Monday, August 14, 2017

Marriage Made Me Do It

It is time to offer up two fabulous gifts to one lucky winner! If you are interested in entering the contest for my upcoming dark comedy released by HarperCollins Publishers UK, Marriage Made Me Do It, keep reading!



Ignoring the droning voice of the old man talking up front, I let my thoughts wander. As usual, they went back to my youth. Growing up in the Seventies and Eighties, I was blissfully ignorant of how screwed-up my life would turn out when I reached the A-word: Adulthood.

I’m the oldest sibling of three girls born into a middle-class family. We grew up living in the suburbs, safely hidden from the dangers of “the big city.” God, life back then had been a breeze. We walked to school, without fear of stranger danger, on sidewalks wide enough for three people to stand side by side, with shade provided by sprawling oak trees. We played with our friends—outside, mind you—until the streetlight in our cul-de-sac buzzed, ready to come on. We didn’t have electric gadgets to tether us inside, weakening our bodies and turning our minds to mush. Nope! We survived skinned knees and bike wrecks, eager to go out and do the same thing again the next day after school. We’d run to the house and land on the porch before the streetlight sparked to life and eat a home cooked meal—at all places—the dinner table.

We weren’t rich, like my best friend Elizabeth Gelmini’s family—they had a swimming pool and a tennis court, for Godsakes, and both her parents drove BMWs—but we weren’t poor, either. Since I was the oldest, I got the new clothes, and my younger sisters, Rebecca and Rachel, were forced to wear my hand-me-downs. Boy, do I miss the days when Rebecca whined and complained while stomping around in her Pepto-Bismol-colored room throwing hissy fits as only a pre-pubescent girl can.

“I don’t want Roxy’s clothes! Look, Mom! There’s a stain on these jeans. And this shirt is so out of style! No one wears puffed sleeves anymore! I’ll look like a fool and all my friends will laugh at me. Why can’t I get a new pair of Calvin’s or Jordache’s? Tennis shoes without holes in them, or even the latest design of a shirt?”

“Rebecca Denise, that’s enough. Money doesn’t grow on trees, you know. Your father works very hard to provide a good life for you girls so I can stay home and raise you. Stop being so unappreciative. I didn’t give up a chance for a career in nursing just to listen to an ungrateful child yell at me.”

“Mom! I can’t wear her shirts. Roxy’s big boobs stretched them out! I’ll have to stuff my bra!”
The memory made me smile, which I quickly concealed with my hand. This was not the place or appropriate time to be happy.

I glanced over at Rebecca. Though her features had matured and changed, her attitude certainly remained the same. Rebecca was the quintessential middle child. Textbook case. Hell, her picture was probably underneath the caption “Middle Child Syndrome” in every psychology book on the planet. If it wasn’t, they were missing out on the perfect poster child.

Cosmos, forgive me, but I’ve hated her ever since the day my parents brought her whiny ass home from the hospital.

Mom and Dad lived by The Suburbia Handbook. Roger and Claire Rayburn built their lives around the ancient, mental code of ethics. Mom and Dad almost nailed Rule Number Two, chapter and verse.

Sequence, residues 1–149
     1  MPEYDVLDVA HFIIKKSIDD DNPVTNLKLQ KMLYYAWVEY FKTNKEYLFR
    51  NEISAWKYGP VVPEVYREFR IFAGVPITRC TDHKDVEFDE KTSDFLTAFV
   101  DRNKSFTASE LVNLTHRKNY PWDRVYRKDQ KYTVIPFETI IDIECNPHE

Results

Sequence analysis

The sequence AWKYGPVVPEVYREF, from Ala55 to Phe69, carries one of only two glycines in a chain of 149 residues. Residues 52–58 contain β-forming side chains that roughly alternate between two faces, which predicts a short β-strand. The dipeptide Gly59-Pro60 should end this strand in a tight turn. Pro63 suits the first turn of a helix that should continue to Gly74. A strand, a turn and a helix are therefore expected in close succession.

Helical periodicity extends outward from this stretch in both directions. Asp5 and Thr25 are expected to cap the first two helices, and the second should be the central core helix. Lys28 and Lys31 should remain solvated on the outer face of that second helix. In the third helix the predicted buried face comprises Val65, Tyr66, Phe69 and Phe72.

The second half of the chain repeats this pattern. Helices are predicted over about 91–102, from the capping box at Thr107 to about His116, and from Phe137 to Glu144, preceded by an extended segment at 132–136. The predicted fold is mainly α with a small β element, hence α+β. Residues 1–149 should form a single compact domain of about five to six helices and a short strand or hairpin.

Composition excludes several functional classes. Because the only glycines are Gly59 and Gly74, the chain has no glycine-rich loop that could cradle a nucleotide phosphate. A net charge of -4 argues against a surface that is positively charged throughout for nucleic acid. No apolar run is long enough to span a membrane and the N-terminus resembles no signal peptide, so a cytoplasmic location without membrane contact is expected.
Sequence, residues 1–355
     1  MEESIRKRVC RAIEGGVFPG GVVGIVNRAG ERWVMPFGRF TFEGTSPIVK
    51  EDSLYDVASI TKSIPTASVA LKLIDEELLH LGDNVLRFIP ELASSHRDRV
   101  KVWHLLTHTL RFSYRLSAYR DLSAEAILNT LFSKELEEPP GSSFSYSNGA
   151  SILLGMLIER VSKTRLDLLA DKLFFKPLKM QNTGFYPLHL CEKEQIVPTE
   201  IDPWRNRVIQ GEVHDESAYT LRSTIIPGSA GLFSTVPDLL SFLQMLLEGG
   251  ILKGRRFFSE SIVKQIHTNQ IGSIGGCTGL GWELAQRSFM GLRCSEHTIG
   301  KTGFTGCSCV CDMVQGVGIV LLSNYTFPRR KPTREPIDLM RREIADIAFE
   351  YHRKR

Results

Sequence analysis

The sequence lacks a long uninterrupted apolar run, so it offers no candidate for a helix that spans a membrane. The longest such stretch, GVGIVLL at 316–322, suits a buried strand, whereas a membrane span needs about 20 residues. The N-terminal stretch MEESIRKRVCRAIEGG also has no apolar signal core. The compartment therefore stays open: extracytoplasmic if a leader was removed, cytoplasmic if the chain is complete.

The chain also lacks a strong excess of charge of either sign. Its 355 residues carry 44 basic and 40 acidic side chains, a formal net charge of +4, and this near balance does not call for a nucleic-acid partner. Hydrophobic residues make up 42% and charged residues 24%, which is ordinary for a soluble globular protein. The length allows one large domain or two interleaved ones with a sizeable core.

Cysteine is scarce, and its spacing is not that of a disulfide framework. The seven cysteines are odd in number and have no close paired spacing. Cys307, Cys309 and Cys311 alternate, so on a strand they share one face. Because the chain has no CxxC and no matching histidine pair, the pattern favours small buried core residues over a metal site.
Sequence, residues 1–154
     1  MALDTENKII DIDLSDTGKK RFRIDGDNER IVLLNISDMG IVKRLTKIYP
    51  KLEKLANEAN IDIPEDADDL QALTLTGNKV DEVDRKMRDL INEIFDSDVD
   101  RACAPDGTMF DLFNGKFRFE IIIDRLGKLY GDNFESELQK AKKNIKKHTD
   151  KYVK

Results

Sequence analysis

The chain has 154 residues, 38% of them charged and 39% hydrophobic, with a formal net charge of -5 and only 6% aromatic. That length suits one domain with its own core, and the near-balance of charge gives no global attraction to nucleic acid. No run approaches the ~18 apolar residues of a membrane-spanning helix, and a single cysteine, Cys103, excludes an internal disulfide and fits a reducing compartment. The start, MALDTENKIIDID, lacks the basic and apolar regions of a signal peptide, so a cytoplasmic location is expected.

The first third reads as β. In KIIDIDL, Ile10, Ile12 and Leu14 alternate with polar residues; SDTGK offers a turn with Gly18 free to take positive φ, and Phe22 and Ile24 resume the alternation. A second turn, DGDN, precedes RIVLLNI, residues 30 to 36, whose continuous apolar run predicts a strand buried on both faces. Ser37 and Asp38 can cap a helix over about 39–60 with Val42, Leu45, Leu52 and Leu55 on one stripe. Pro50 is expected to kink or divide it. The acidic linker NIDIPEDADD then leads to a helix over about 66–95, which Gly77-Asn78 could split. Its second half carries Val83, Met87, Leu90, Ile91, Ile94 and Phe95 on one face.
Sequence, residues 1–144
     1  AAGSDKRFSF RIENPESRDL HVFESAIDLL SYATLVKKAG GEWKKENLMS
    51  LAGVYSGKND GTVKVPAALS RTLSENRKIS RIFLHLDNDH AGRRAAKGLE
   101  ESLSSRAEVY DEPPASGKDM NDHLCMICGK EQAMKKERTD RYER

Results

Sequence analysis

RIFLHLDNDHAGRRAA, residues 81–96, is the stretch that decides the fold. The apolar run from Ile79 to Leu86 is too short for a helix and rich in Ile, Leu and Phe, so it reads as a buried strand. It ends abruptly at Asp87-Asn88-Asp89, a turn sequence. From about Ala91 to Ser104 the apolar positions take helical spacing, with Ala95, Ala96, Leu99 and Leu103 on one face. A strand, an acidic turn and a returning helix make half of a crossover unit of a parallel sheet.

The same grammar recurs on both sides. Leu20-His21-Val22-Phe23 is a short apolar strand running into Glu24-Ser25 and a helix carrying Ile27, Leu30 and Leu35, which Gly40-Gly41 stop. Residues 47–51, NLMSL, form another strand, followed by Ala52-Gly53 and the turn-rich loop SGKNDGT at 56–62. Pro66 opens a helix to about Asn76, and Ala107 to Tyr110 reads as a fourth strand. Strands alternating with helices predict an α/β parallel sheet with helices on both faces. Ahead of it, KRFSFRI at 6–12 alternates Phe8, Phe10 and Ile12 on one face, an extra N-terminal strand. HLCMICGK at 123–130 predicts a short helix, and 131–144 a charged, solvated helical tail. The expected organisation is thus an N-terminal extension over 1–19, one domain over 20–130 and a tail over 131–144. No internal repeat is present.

All married couples must procreate and raise, at a minimum, 3.2 children, preferably staggered in ages by three years.

They missed the target goal by having offspring of the same sex. They needed at least one with a set of balls to pass with flying colors. Unfortunately, the estrogen pool was deeper and stronger—or perhaps Daddy’s sperm refused to bring forth another knuckle-dragger into the world. Who knows? But, they made up for missing the bar by acing Rule Number One: High school sweethearts must marry; the wife is to stay at home and raise the children while the husband brings home the bacon.

Nailed it.

Like my mother, I aced Rule Number One—the track star married the football jock. Boom! Item number one checked off the list. I didn’t count the demerit (we had to get married our second year of college). Getting married at 20 wasn’t because of overwhelming, all-consuming, mind-altering love. Nope. I tied the knot with Carl A. Davenport because I neglected to read the instructions that came along with the prescription—taking antibiotics might disrupt the effectiveness of birth control pills.
Fuck. I got knocked up at 20 because of a freaking sinus infection.


No, wait, I wouldn’t count that one. It was the manufacturer’s fault—they should have written that part in big, GIANT print, rather than using letters so small one could only read with a microscope.
Carl continued his studies and obtained a master’s degree in education and was now a tenured professor at the local college. Me? I gave up the dream of going back to school, following the guidelines of the invisible handbook passed on to me by my mother. I was a “stay-at-home Mom” (better known as Drunk Wino). I tried to follow the rules, but sometimes missed the mark. No one could ever label me an overachiever!

Rule Number Two altered a bit during the Nineties—inflation and such—and the required number of children went from 3.2 to 2.5 (unless you were a devout Catholic and preferred to birth an entire baseball team). I failed Rule Number Two and only popped out one child—a daughter— who decided I was the Wicked Witch of the West, minus a broom, when she hit puberty. Hormones turned my sweet child into a raging alien life force. Thank goodness Carol planned to attend college in a few weeks or our home would be a demilitarized zone.